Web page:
While several Caribbean luminaries are advocating that the anglophone Caribbean cut all links with their former colonial masters, politicians and the people in French (and even Dutch) colonies adopt the opposite attitude and in fact want to cement links with their colonial rulers.
Last month, I visited the French colonies in the Pacific (which will vote next month with France and its other territories to choose the French president) and they are completely against independence. The same is true of the people in the French Caribbean although some in French Guiana were advocating independence.
French Polynesia and the Francophone Caribbean (including French Guiana) want to retain their current status with France because of the enormous benefits that come with such ties. They are French citizens complete with civil and political rights.
For the anglophone overseas dependent territories, being tied to the former imperial power comes with certain benefits, not the least being financial aid, tourists to spur the economy, and visits from family members of the monarch that help to promote the countries as havens of stability and investment. A complete break from the UK may result in the loss of such assistance and as such may not be in their interest.
Such an important decision should not be made by politicians but by the citizens in the form of a referendum to approve or disapprove of severing all links with England. France and Holland allow their colonies to determine their political status as does the US with regard to Puerto Rico. And they all reject independence preferring to remain attached to their imperial mother countries which give them full citizenship rights.
Unlike British territories, anyone living in a French territory is a French citizen and can vote in its elections for president and the National Assembly in Paris. Two citizens from Polynesia are elected to the National Assembly as are several more from the Caribbean and French Guiana.
The French politicians don’t neglect their distant citizens. President Nicolas Sarkozy recently visited the French Caribbean and French Guiana campaigning for votes but did not visit French Polynesia where he is not popular. Most Polynesians I spoke with last month are voting for the Socialist challenger Francois Hollande.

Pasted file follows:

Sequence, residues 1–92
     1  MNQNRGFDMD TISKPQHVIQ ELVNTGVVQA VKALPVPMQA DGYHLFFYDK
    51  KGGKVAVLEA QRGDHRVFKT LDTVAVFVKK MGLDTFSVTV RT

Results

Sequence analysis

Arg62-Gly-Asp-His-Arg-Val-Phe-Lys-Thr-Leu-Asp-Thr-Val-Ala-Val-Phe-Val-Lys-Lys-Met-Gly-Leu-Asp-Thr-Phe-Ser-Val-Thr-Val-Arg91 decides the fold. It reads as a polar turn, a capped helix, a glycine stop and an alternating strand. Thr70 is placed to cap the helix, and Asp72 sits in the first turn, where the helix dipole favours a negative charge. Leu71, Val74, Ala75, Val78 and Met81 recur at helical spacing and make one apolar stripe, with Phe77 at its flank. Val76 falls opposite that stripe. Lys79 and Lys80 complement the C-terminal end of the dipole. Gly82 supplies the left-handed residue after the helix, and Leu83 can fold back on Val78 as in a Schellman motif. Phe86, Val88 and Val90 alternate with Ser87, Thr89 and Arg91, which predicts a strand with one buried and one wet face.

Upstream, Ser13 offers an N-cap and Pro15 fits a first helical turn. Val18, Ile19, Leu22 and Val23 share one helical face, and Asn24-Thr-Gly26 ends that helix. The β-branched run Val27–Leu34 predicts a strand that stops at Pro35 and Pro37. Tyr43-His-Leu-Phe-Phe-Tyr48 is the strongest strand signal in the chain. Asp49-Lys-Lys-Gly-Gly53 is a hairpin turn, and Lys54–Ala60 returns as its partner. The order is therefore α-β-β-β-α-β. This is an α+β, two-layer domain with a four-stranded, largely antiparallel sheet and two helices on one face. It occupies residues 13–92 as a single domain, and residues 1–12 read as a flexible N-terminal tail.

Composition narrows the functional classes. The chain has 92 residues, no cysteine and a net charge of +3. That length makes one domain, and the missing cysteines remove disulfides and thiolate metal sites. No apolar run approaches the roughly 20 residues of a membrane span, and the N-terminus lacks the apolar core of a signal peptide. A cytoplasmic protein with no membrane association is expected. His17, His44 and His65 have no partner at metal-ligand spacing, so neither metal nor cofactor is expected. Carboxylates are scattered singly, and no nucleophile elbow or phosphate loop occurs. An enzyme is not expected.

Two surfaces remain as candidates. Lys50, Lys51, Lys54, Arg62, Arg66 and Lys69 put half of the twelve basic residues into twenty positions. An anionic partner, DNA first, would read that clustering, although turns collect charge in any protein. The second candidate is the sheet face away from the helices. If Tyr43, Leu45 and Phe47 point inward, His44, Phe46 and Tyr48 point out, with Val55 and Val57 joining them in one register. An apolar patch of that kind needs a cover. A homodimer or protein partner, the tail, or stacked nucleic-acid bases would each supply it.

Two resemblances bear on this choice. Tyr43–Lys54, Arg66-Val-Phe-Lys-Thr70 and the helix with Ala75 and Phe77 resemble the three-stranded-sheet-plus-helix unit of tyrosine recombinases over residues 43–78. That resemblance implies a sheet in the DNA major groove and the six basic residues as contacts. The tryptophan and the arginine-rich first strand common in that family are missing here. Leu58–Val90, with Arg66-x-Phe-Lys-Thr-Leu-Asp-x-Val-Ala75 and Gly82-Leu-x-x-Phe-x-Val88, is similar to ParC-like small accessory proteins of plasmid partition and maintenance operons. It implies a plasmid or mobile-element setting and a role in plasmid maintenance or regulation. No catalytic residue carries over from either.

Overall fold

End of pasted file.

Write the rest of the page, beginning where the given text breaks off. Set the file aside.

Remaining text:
As in the territories in the Caribbean, the Polynesian politicians railed against France and demanded independence, especially during election campaigns, but once the elections were over, they toned down the anti-imperialist rhetoric and forgot about independence until the next election cycle. The same is true in St Martin, Guadeloupe, French Guiana, and Martinique.
Criticisms of French dominance and demand for more assistance and autonomy play well among local voters to win support.
The overwhelming majority of French Polynesians, like their counterparts in the Caribbean, prefer continued association with France.
The people do not want to lose their high standard of living compared with those territories which broke away from France or other imperial powers. The GDP per capita of French Polynesia exceeds US$20K, far higher than any former French colony. France pumps some US$2B in aid annually into Polynesia that provides jobs and funds infrastructure work. France would like to rid itself of that burden but the Polynesians won’t allow that to happen.
People told me they would like to have more autonomy and they are critical of French rule but when asked if they would like independence, they firmly said no. They are promised a referendum again soon on status. But that would be a futile exercise as people will not vote against the generous French welfare state and a French (EU) passport that provides access to most countries. It is for similar reasons that Montserrat, Anguilla, Caymans, Turks and Caicos and the British Virgin Islands don’t want to break from Britain or why Aruba, Bonaire and Curaçao don’t want to break from the Netherlands. If the Caricom territories want to sever their remaining ties (Republican status, Privy Council, etc) with Britain, the politicians should consult with the people in a referendum.